Huge amounts of ink, digital and otherwise, are being wasted in discussion of President Biden’s $2 trillion infrastructure plan announced yesterday. But one of the more revealing comments came from the ever-green Washington Post, which insisted that the whole purpose of the plan isn’t infrastructure, but bringing about a paradigm shift.
“President Biden’s infrastructure plan would turbocharge the country’s transition from fossil fuels, using the muscle and vast resources of the federal government to intervene in electricity markets, speed the growth of solar and wind energy, and foster technological breakthroughs in clean power,” the Post wrote. “The linchpin of Biden’s plan… is the creation of a national standard requiring utilities to use a specific amount of solar, wind and other renewable energy to power American homes, businesses and factories. The amount would increase over time, cutting the nation’s use of coal, gas and oil over the next 15 years.”
The Post concluded with excitement: “Biden’s strategy would amount to the most sweeping federal intervention in the electricity sector in generations.”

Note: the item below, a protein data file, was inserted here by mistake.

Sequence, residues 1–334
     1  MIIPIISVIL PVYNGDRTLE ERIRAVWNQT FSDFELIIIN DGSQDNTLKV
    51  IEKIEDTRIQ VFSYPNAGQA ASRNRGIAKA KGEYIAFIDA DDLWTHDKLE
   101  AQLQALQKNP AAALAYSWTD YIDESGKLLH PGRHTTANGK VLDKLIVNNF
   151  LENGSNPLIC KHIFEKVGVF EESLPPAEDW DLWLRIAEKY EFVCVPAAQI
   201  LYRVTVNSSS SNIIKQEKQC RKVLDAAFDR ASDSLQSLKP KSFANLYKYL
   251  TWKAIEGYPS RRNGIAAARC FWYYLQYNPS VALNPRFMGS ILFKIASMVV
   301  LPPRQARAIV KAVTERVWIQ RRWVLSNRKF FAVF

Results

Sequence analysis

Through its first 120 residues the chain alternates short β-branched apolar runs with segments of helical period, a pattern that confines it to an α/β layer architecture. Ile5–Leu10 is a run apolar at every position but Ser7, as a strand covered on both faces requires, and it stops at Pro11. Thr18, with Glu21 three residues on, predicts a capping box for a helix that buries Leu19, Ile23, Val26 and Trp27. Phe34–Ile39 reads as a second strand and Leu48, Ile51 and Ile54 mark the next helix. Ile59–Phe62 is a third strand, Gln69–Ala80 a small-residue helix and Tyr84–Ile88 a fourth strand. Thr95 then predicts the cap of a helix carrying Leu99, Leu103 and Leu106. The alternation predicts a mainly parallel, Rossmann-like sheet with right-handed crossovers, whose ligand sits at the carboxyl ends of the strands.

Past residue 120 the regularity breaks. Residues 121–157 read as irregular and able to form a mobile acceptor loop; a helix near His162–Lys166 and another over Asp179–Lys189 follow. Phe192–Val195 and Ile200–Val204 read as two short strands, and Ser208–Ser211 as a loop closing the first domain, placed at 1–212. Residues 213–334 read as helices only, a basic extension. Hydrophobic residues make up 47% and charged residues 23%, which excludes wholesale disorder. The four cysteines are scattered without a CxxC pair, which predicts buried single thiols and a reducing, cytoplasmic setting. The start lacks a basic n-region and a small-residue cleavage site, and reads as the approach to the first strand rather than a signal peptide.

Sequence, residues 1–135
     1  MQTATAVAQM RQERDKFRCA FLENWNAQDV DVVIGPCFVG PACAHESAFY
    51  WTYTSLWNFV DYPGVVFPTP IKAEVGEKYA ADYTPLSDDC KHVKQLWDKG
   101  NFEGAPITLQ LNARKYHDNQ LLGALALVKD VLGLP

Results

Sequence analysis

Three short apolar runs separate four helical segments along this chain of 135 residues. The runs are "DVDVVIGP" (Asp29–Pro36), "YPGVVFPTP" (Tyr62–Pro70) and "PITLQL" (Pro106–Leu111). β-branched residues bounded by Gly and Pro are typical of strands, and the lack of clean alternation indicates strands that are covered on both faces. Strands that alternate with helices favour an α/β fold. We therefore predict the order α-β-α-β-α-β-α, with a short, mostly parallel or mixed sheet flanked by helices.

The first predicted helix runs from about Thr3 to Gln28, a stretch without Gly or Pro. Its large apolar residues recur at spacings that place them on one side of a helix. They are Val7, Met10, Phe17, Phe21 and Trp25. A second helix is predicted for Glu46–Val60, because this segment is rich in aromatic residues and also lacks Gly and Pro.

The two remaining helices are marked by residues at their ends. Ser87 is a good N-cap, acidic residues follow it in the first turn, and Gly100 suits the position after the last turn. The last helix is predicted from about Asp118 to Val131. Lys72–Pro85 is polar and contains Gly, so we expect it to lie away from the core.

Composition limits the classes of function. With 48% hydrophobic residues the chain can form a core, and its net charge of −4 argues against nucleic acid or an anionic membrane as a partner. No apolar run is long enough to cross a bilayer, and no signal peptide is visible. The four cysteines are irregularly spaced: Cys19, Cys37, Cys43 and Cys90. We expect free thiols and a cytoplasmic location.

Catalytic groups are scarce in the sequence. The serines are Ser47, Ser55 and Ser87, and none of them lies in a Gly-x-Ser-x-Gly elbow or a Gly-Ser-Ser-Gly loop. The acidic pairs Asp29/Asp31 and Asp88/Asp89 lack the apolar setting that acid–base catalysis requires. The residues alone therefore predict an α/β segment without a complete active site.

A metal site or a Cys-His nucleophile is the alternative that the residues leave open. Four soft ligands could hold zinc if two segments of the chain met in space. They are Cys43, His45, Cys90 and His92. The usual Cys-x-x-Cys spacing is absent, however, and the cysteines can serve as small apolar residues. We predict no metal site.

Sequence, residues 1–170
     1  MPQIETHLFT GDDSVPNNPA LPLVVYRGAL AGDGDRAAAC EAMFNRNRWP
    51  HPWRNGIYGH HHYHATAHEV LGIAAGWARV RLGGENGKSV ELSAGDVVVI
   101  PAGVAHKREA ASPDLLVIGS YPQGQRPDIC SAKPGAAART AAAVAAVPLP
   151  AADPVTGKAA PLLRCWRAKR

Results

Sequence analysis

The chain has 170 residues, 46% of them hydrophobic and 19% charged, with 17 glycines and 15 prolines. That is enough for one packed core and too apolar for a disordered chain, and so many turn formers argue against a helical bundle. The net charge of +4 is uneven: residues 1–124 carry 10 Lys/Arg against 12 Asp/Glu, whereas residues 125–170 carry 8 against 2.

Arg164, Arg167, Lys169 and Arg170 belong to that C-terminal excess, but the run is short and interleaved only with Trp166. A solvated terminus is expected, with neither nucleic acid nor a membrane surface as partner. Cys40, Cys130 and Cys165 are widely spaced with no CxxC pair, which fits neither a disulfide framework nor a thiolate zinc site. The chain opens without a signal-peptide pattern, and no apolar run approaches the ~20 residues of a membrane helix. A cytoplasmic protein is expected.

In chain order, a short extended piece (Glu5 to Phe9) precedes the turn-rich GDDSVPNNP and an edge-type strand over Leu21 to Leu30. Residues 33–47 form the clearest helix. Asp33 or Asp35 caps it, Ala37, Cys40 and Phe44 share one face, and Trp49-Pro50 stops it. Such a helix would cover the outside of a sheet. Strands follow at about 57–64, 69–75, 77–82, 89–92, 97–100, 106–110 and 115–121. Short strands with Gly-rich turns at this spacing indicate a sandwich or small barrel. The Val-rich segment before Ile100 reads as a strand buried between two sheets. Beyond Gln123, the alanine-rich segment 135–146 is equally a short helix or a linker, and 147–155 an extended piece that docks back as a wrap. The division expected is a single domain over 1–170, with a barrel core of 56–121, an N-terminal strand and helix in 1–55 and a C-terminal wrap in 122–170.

As that reality sinks in, there will be foot-dragging and more from all sorts of political and business layers in the country. The following response by Brian Wolff, executive vice president for public policy of the Edison Electric Institute, the power sector’s biggest trade association, is indicative:
“Certainly, we will review any proposed clean energy standard closely,” he said, “and we support policies that enable our member electric companies to continue to get the energy they provide as clean as they can as fast as they can, without compromising the affordability and reliability our customers value.”
Not precisely a ringing endorsement.